David Velleman

Satisfactory Essays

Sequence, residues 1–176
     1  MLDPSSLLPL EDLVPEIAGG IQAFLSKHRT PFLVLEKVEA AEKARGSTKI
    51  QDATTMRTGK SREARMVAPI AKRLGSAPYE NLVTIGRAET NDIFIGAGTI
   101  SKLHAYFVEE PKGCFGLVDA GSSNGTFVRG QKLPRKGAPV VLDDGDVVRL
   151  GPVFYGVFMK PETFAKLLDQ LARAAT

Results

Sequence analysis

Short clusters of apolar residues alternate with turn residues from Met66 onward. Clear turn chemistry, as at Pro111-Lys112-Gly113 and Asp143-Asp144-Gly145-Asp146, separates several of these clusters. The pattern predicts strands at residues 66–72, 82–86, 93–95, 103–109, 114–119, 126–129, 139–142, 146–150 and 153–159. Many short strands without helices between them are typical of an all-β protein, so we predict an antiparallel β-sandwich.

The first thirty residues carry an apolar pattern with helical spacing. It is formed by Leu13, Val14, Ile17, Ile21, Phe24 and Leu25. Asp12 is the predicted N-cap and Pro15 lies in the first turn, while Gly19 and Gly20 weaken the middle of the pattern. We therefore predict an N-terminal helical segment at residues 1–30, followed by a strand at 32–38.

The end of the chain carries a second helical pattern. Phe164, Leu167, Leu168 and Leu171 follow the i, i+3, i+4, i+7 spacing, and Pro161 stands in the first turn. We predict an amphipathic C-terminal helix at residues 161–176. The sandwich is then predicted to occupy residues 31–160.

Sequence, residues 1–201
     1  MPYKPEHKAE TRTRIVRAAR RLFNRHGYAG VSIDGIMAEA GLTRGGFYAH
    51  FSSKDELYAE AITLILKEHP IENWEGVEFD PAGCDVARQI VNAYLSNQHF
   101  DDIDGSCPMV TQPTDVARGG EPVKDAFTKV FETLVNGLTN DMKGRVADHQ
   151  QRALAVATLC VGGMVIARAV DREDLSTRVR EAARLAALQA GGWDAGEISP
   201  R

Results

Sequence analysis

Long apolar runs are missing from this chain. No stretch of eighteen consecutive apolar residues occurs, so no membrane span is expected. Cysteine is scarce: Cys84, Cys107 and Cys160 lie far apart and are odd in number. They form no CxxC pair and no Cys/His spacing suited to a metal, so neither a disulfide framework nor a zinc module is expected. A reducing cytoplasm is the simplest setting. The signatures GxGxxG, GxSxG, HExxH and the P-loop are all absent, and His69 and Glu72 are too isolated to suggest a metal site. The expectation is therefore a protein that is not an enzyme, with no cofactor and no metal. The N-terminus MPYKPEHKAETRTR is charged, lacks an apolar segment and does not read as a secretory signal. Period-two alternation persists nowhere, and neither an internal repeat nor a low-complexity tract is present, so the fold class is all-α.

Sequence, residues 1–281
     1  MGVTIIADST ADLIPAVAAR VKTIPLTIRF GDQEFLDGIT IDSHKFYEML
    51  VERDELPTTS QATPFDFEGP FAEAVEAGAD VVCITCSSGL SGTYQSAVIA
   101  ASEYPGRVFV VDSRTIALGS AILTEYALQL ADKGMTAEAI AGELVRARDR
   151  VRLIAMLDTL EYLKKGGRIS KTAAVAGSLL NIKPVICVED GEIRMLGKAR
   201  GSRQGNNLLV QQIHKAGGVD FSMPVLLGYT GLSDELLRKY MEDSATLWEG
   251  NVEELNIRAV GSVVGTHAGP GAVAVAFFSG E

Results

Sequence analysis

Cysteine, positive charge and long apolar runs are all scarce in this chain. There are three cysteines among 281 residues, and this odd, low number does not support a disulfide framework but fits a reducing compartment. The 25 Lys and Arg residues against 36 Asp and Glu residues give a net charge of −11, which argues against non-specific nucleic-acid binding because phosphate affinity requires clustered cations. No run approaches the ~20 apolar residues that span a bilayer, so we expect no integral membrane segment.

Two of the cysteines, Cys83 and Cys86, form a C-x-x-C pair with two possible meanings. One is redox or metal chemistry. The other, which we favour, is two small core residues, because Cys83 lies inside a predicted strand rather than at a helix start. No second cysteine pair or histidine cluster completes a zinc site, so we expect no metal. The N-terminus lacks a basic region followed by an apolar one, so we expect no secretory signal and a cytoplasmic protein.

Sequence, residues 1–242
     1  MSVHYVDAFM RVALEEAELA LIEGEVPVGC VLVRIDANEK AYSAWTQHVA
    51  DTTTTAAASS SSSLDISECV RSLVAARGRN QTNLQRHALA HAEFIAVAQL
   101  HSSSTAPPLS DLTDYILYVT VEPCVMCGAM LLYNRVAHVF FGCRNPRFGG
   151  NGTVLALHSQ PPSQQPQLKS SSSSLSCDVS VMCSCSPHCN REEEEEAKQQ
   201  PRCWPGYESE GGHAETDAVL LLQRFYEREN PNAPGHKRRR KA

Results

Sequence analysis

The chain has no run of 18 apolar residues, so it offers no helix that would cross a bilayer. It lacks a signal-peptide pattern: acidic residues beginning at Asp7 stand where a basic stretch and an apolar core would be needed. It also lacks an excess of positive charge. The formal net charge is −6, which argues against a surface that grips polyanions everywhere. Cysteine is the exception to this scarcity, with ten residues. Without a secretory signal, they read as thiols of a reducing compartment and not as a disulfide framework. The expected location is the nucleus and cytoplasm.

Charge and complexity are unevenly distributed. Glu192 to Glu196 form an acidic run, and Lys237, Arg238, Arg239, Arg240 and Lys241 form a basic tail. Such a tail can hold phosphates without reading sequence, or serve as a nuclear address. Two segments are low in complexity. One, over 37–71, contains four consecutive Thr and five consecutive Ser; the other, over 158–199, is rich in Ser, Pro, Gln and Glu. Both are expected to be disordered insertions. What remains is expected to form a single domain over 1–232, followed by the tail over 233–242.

David Velleman’s “Against the Right to Die”, has given me some mixed feelings as to what I feel is right or wrong when it comes to euthanasia. Euthanasia can be a touchy subject depending on the point of view one takes on. As far as Velleman’s view, he stands right in between being for it and against it from what I have come to understand. Velleman believes that one can exercise the right to die if they wish to but that the doctor should not be obligated to make it a decision if it is not necessary. We are morally entitled to die if we really wish to but giving the option to may cause more harm than good to a person. A person may have never thought of dying until the doctor brings it up, then all of a sudden it becomes an option and the patient could feel pressured to go along with the process to be euthanized. He or she might have never thought about ending their life, they might have just thought that their only option is to stay alive and fight for their life. Velleman argues that it can make someone worse off because he sees that giving someone the option to die denies him or her the possibility of staying alive by default. An example he uses to justify this is one of Dworkin’s, The example Dworkin uses is the one of a cashier working at a convenience store during a night shift. The cashier will put himself at risk if he opens the register being that he is more likely to get robbed at gunpoint for it. If it were up to the cashier he would never want to be robbed at gunpoint therefore he would rather never have the option to open the register at all. In a situation like this, the cashier having the option to open the register is harmful. When Velleman talks about the harm that the option of dying can cause, he mentions that ... ... middle of paper ... ...not looking into their capacity but instead we are looking into their opportunities. The respect from the categorical imperative is converted into objects of desire with this type of autonomy. Autonomy goes hand in hand with what Velleman sees as dignity. He believes that based on Kant’s autonomy explanations mentioned above, one should respect a patient’s dignity if they wish to die by making it easy for them. With all of these conditions and arguments in mind, Velleman suggests that there should be a weaker and vague public policy. He believes society should never force health professionals to give a patient the option to be euthanized unless they see it fit to bring up; but who is to say when it is fit and when it is not? Nobody can be in charge of saying when it is fit to bring the option up. Regardless, Velleman is not completely for or against euthanasia.
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